The intrigue in The Turn of the Screw is Quint’s existence; Henry James never confirmed or denied it.
He left the idea of a ghost to his readers, as does Benjamin Britten in his operatic adaptation of Miller’s story.
“I read a quote that said ghosts are real if you need them to be,” Dugg McDonough said. “That’s what’s happening here.”
McDonough is the artistic director for the LSU Opera, which opens Britten’s The Turn of the Screw on Thursday, March 21, in the Claude L. Shaver Theatre. He’s also a fan of Britten’s operas, which many times call for small casts accompanied by small orchestras.
“But Britten’s operas are so tightly written that there’s not one wasted note,” McDonough said.
“And though the cast and orchestra are small, the audience never feels cheated out of seeing a big opera.”
The Turn of the Screw is performed in English.
The opera was commissioned by the Venice Biennale and premiered on Sept. 14, 1954, at the Teatro La Fenice in Venice. Britten composed the music, while Myfanwy Piper, wife of the artist John Piper, wrote the libretto.
At the time of the première, the opera was described as one of the most dramatically appealing English operas. It is performed in two acts with a prologue and 16 scenes, each preceded by a variation on the 12-note Screw theme.
The story opens with a character known as Prologue, who tells about a young governess who cared for two children at Bly House. She was hired by their uncle, who lived in London and was too busy to care for them.
He ordered her never to write him about the children, the boy Miles and his sister Flora, never to inquire about the history of Bly House and never to abandon the children.
So the mystery begins, for it doesn’t take long for Peter Quint to show up. He’s the valet who died under mysterious conditions on an icy road near Bly House. And his dark past unfolds when he appears in ghost form. The governess can see him, as can Miles. And Miles falls under Quint’s manipulative spell.
Yet others never see Quint, prompting the question, is Quint a figment of Miles’ imagination? Is the boy’s power of suggestion so strong that the governess thinks she’s also seeing a ghost?
Maybe. Then again, maybe not.
“Dugg told us that the ghost is real for those who need him to be real,” William McGibney said.
There’s that quote again. It also applies to the audience, because audience members will have to decide for themselves if Quint is real. Or not.
McGibney, is the 13-year-old eighth grader cast in the role of Miles.
This is his first stage role, having auditioned after LSU Opera Music Director Michael Borowitz asked him to audition.
“My husband and I are both musicians,” said Lisa McGibney, William’s mom.
Lisa McGibney also is director of the Louisiana Junior String Ensemble in the Louisiana Youth Orchestra program.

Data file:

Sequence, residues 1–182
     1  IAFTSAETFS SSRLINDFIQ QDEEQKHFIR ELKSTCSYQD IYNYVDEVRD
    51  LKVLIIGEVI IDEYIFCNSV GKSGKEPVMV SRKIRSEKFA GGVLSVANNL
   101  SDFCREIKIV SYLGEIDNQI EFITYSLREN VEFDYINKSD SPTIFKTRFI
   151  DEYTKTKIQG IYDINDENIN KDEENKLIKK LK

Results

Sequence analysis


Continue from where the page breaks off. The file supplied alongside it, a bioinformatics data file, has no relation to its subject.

“Michael knows us and said we should consider bringing Miles to an audition,” Lisa McGibney said.
“This is the right time, because he’s old enough to play the role, but his voice hasn’t changed yet.”
The McGibneys also home school William, which allows for greater flexibility in his schedule, which can easily be rearranged to meet rehearsal demands.
“This has been the greatest experience for us,” Lisa McGibney said. “He’s 13, but they treat him like a professional. Everyone’s been so great, and our only regret is that it’s about to end.”
But it ends with William McGibney’s stage debut, the thought of which doesn’t make him nervous. Well, not so far.
“I think I’ll be OK,” he said.
McGibney likes his character but was uncomfortable with some parts of the story at first.
“He’s manipulated by the ghost, and the ghost makes him do things,” William McGibney said.
“He was really uncomfortable with it at first,” Lisa McGibney said. “He said, ‘Mom, I’ve never hit anyone before.’ The ghost manipulates him into hitting his sister. But he’s done well with it.”
But has Lisa McGibney? Without totally giving away the ending, suffice it to say the story concludes in tragedy.
Who’s the victim?
Who is the cause?
Well, you’ll have to attend the opera to learn the answer.
“Michael asked me if I was OK with seeing this happen,” Lisa McGibney said.
Well, it’s opera, after all. Drama on the stage. But some cast members didn’t handle the stage conflict so well in the beginning.
“Both of the singers playing the governess have young sons,” McDonough said
And both have broken into tears during the course of rehearsal.
That’s simply been a part of the process of this show, where Britten’s rich music is once again coming to life. This is McDonough’s second time directing The Turn of the Screw.
“And I can’t say enough about this opera,” he said. “Benjamin Britten is the reason I moved from directing dramas and musical theater to opera.”
He also raves about Alan Rusnak’s set design. Rusnak is the New Orleans Opera Association’s set designer but also has designed LSU Opera sets for the last 10 years.
“What he’s designed for this show is a raked stage with a tower,” McDonough said. “The tower is unfinished, with bricks exposed, and it changes in every scene.”
The tower is the ominous symbol of the screw that turns and tightens in this story.
“It also works with the brick wall at the back of the stage, and we might incorporate that into the set,” McDonough said. “There’s so much opportunity for creativity in a show like this. It’s one of those cases where two plus two equals four and a-half.”
And it challenges audience members.
Is Quint the ghost real? Or not?
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